The nodes and arcs are the qualitative components of the networks and provide a set of conditional independence assumptions that may be represented through a graph notion called d-separation, which means that each arc built from variable X to variable Y is a direct dependence, such as a cause-effect relationship.
If the variables are discrete, the probabilistic relationship of each node X with their respective parents pa(X) is defined by its Conditional Probability Table (CPT) while for continuous variables, this probabilistic relationship is defined by its Conditional Probability Distribution (CPD), which represents conditional probability density functions. The quantitative analysis is based on the conditional independence assumption. Considering three random variables X, Y and Z, X is said to be conditionally independent of Y given Z, if P(X,Y│Z)=P(X│Z)P(Y│Z).The joint probability distribution of set of variables, based on their conditional independence, can be factorized as shown in Eq.1:
The graphical representation is the bridging of the gap between the (high level) conditional independence statements that must be encoded in the model and the (low level) constraints, which enforce the CPD .
Given some evidence, beliefs are recalculated to indicate their impact on the network.The possibility of using evidences of the system to reassess the probabilities of network events is another important feature of the BNs;it is interesting to determine critical points in the system. Classical methods of inference of a BN for this purpose involve computation of the posterior marginal probability distribution of each component, computation of the posterior joint probability distribution of subsets of components and computation of the posterior joint probability distribution of the set of all nodes. The analysis and propagation of evidences allowed by BN are useful to explore or forecast some system behavior that is unknown or requires more attention as in . In addition, the propagation of evidences offers the possibility to check the influence of redundant systems or critical equipment, such as equipment that requires a long time to repair.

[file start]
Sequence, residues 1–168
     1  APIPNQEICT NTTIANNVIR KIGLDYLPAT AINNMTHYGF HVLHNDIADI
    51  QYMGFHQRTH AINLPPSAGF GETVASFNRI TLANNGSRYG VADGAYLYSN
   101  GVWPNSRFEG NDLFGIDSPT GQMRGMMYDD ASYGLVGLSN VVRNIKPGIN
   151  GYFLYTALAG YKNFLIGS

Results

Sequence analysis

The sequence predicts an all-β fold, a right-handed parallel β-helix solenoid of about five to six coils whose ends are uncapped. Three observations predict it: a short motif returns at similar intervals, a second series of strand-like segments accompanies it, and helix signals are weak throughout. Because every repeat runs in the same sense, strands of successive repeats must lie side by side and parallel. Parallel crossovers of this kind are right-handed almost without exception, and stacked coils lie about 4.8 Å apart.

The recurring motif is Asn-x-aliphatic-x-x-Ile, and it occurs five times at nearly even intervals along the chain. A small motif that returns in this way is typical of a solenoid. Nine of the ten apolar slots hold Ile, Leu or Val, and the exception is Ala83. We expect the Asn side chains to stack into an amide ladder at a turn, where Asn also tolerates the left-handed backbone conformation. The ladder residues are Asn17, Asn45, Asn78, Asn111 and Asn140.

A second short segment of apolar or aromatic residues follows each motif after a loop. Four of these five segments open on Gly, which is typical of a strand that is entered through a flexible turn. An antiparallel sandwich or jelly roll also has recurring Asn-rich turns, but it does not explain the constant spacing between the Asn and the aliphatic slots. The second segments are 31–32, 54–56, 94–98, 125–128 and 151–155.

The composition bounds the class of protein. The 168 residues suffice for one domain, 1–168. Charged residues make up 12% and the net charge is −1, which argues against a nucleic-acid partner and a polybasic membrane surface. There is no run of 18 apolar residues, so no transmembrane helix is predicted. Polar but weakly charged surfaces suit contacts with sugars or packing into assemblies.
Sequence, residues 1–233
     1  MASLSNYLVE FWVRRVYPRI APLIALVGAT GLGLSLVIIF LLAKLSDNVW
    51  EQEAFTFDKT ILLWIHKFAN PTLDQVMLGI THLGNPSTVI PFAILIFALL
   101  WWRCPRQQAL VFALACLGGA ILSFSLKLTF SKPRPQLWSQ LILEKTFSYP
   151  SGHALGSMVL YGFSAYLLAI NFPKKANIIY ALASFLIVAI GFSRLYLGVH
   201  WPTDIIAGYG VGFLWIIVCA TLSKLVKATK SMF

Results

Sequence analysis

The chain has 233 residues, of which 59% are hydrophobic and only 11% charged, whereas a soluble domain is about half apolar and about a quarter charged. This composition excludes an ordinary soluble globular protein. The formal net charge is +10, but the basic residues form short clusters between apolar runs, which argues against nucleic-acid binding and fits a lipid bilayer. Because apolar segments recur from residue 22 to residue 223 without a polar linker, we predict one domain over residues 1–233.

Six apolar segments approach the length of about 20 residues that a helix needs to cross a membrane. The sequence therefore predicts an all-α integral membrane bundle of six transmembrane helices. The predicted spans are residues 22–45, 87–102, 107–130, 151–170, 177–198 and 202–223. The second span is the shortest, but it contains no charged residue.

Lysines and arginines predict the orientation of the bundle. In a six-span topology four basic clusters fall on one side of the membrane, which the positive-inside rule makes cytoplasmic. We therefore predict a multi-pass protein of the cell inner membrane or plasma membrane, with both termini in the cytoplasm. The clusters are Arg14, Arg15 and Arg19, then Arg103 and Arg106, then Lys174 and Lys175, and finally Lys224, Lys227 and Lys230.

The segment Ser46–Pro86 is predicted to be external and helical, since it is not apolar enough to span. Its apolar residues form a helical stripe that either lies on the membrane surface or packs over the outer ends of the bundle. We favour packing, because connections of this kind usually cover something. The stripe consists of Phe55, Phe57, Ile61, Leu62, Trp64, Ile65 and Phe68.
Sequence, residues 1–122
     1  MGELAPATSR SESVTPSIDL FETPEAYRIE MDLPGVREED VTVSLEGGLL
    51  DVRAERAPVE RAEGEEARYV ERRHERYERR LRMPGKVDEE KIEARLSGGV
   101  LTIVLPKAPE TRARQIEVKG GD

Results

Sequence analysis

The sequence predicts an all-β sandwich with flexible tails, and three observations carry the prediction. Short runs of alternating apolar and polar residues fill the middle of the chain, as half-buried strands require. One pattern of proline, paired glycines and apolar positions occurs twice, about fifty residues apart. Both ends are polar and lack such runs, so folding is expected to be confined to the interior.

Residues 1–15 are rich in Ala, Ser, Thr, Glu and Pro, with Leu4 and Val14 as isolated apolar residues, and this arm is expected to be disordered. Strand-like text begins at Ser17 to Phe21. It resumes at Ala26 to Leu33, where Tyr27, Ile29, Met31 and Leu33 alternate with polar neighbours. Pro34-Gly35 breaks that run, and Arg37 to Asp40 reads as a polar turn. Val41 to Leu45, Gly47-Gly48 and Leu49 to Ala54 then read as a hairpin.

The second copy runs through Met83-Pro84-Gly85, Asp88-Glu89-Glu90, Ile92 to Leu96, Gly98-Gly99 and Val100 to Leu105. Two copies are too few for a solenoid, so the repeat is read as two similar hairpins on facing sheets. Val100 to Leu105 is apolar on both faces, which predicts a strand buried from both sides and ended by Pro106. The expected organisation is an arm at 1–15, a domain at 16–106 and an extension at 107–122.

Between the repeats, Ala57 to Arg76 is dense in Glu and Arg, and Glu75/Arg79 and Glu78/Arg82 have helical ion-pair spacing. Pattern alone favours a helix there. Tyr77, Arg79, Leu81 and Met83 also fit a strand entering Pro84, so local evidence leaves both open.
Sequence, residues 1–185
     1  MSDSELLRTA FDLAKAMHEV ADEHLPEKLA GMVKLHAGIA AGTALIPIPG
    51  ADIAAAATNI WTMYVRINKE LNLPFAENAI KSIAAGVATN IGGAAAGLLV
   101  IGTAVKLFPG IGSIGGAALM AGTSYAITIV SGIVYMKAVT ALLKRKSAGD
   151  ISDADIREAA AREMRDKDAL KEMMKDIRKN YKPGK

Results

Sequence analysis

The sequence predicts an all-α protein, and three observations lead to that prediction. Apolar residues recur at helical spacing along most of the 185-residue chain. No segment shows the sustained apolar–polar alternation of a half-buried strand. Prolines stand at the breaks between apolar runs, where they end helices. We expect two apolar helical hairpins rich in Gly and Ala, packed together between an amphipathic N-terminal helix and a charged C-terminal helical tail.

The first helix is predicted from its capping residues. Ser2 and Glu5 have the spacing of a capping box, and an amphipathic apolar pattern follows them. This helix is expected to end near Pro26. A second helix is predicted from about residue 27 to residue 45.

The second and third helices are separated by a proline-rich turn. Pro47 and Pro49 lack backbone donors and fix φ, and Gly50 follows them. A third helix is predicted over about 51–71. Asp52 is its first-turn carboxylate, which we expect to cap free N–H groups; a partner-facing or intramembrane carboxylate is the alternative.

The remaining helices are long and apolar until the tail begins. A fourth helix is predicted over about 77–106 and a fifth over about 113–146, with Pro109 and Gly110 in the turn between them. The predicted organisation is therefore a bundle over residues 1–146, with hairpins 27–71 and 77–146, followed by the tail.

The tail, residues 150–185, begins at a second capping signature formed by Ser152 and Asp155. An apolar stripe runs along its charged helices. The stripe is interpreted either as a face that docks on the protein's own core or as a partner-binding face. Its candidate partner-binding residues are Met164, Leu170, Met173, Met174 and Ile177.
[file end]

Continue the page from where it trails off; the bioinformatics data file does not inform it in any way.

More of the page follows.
In the last years, the number of studies that presented the use of BN in reliability analysishave been increased [9-11]; traditional models, such as fault trees and block diagrams, have been replaced by discrete BN. However, to perform an efficient application of BNs in reliability assessment, such network models must be hybrid models formed by discrete and continuous variables. The evaluation of hybrid networks poses a challenge; there are limitations of inference algorithms, such as dealing with state space explosion and finding an appropriate discretization. However, a new and efficient dynamic discretization of the domain and an iterative approximation methodwhich produce finer discretization in the regions that contribute more to the structure of the density functions associated with a robust propagation algorithm were proposed by [9,10]. This approach is implemented in the commercial BN software package, AgenaRisk , which is used in this study.There are other commercial tools for the calculation of BNs, such as and . is an excellent reference for the theoretical aspects of BNs and algorithms. This approach allows the BN to deal with any probability distribution function, unlike the traditional tools which are capable of dealing only with exponential distributions.
Another relevant BN feature is its practicalityto model common cause failures;the Common Cause Failures (CCFs) are the failure of more than one component due to the same cause, which can render the redundancy protection useless significantly affecting the system reliability. More details about CCFs and proposed methods to deal with are reported in [16,17]. Including CCFs in a BN is not a complex process.If the BN is a network composed of only discrete variables, the CCF probabilities are included directly to the CPT, as  reports, and it is not necessary to use additional constructs such as when using fault trees. If the BN is a network composed of continuous variables, the CCFs are represented by additional nodes; one node for each group of similar components is included in the BN. The frequency rate of these failures is estimated according to the redundant components; [16, 17] explain the methods for obtaining these rates.